Preceded by Henry VI: Parts I, II, and III, Richard III concludes Shakespeare's four-part dramatic series chronicling the end of the Plantagenet family as rulers of England. Upon the defeat of Richard, the hunchbacked Duke of Gloucester, at the battle of Bosworth field in 1485, the Plantagenets are replaced by the Tudors, marking the end of a long period of civil war in England.
Richard III is an early play in Shakespeare's oeuvre, probably written in 1591 when the century-old events it portrays were still part of the collective memory of the audiences at the Globe Theatre. The ruthless and self-destructive Richard, who rises to power solely by means of a succession of horrific murders, is portrayed as a particularly evil and bloodthirsty villain, Shakespeare's worst—a characterization that subsequent scholarship has seen as possibly unfair. In the play, written in a period when a physical deformity was often considered an emblem of a moral defect, Richard's vileness is seen as arising from his hunchback, his revenge against Nature for making him too ugly to be loved. Shakespeare took some liberties with history and geography—Richard, for example, takes part in a battle that occurred when he was two years old—and Richard III (like much of Shakespeare) is rife with anachronisms. The play also shows the influence of medieval morality plays, in which good and evil stood in stark contrast as a way of showing how human nature could be corrupted by temptation and sin.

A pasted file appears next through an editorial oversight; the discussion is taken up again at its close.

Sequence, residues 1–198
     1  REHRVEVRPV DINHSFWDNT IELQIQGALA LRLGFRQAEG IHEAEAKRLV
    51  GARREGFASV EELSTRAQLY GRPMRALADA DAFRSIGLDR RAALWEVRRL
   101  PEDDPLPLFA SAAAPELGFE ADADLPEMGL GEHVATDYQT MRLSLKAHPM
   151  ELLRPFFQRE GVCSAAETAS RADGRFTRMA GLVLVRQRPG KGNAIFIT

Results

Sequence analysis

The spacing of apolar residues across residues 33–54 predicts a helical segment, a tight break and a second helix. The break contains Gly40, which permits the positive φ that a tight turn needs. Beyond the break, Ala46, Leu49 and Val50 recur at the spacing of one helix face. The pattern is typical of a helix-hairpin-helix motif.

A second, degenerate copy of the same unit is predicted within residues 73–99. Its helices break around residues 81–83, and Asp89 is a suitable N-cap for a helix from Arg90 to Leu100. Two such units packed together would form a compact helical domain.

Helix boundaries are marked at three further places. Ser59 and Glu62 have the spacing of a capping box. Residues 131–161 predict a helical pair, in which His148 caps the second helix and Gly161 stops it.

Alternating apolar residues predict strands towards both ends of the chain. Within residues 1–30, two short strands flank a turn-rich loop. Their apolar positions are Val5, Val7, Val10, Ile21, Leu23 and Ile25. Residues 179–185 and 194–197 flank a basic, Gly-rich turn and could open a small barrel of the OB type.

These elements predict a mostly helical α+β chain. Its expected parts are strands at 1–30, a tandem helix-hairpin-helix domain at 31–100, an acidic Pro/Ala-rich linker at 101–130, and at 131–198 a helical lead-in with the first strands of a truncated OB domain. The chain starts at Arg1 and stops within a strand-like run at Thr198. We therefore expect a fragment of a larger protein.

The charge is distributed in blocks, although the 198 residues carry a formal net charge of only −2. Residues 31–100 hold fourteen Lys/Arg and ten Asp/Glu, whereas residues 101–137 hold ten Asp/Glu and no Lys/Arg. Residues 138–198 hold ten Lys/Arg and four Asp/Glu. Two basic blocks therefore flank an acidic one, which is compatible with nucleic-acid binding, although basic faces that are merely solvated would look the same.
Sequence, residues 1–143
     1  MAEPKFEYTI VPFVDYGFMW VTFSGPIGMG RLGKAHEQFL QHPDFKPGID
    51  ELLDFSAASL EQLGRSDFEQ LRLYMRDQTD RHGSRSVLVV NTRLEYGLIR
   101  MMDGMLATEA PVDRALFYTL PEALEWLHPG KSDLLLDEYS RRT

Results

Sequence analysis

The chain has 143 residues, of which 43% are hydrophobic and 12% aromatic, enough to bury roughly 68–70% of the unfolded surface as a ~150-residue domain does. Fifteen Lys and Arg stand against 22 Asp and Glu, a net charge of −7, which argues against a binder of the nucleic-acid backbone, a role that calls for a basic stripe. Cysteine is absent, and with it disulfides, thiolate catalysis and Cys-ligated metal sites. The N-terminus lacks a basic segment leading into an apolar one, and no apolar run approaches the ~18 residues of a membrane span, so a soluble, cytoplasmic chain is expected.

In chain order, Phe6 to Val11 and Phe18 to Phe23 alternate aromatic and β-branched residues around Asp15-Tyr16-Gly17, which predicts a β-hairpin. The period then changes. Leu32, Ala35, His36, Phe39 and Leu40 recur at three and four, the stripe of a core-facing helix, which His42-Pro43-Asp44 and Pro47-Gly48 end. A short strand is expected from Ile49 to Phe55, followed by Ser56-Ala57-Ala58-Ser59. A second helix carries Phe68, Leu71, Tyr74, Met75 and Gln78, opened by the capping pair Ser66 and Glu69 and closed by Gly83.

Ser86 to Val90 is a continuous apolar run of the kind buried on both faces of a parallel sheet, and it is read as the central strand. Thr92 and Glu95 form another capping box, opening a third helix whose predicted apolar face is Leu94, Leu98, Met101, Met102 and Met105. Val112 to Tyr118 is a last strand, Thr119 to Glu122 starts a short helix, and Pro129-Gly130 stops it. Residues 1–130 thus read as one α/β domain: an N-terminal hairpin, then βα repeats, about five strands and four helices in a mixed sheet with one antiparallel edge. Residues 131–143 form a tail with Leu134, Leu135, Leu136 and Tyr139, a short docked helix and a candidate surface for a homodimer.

Whatever the sources and inaccuracies of the play, what interested Shakespeare was the study of character, and the events of Richard III as he saw them afforded him an opportunity to explore evil and its consequences in one of his most fascinating works.
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